6. Jim, I read the Rubicon blog every day and think of you and pray for you constantly. The work you're doing is unbelievable, and it has really brought the Prayer of St Ignatius alive for me; if I could be down there helping you guys out I would be. Keep the faith, and keep up the good work!

    Peter Guenther

  7. Fr. Jim, I read this and started a Novena to St Jude for you and the team and all the people of Haiti. When the nine days are up, I will start again, and again. When I do the Hours each day, you all are mentioned. You all are a shining beacon of light to the world. Thank you.

  8. jimmy, my tears are joined with yours and each one is turned into an ave. mum

  9. Praise God for all of you being present there with the most vulnerable ones. Thanks for your sharing, Br. Jim. Peace with you all as you are serving in Haiti. May the Lord continue to bless y'all with much strength to keep up with the hope, faith and love in Him.

  10. The beta-blocker Proplanolol is being shown to help serve as a "trauma pill". They're finding that if individuals can take dose following sone sort of traumatic effent that it helps to sort of poorly solidify the memory in the mind. It has to do with the adrenaline's function to really seal up those bad experieces that later become so hard to get rid of and bare their ugly head. The propranolol diminishes the "sticking" power of the tramautic memory to the place it is stored, so its not rembered as well. Maybe I'll bring some propranolol your way when I get down there,blessings, Jitterbug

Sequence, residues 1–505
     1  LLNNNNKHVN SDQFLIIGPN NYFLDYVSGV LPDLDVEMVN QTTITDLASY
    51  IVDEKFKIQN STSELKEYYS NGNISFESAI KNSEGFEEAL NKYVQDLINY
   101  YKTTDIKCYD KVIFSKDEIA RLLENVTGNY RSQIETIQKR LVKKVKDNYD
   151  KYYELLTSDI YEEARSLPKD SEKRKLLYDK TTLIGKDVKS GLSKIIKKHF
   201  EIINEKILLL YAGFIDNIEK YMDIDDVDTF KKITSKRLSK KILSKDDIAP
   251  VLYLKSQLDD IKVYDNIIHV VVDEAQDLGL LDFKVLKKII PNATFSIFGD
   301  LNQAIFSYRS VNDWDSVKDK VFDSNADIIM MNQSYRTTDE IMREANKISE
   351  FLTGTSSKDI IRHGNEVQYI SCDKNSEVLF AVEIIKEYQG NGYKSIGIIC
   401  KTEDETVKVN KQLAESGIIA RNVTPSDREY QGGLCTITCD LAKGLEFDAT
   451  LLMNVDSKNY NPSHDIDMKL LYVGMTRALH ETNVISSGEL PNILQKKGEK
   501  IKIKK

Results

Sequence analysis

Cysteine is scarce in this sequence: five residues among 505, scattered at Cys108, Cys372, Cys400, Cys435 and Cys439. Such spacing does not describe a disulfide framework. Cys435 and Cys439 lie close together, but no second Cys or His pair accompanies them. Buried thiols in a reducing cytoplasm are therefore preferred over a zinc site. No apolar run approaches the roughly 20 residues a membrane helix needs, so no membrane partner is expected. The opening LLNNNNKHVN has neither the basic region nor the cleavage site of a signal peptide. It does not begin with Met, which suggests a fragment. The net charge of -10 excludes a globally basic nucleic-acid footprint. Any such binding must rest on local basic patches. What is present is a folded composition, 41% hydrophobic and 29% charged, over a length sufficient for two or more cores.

11. At the risk of sounding trite - you are exactly where you are needed right now. God has put you there because of your honesty, your heart and and your faith. He will be your support (and that may come in any or many of the options listed above as well as others not yet discussed). You will never know how much you can lean on God until you actually do lean on Him. You are in the prayers of many - as are the people of Haiti and around the world that you are touching. Cover yourself with your faith and be God's hands in the world - even when it's unimaginably hard.
    Eph 6:10-20

  12. Brother Boynton,
    You are surrounded in prayer. We pray that you have the absolute confidence that Jesus is with you always - even if you "decend into hell".

    You preached the Gospel to many young men in Michigan by sharing your joyful faith, including my son Jake who was on Kairos with you last year. Now it seems you are being asked to preach the Gospel with your hands: "to give and not to count the cost". "Do not be afraid". The people you are touching feel God's love through your loving hands. There is no greater love. "Blessed is he who comes in the name of the LORD".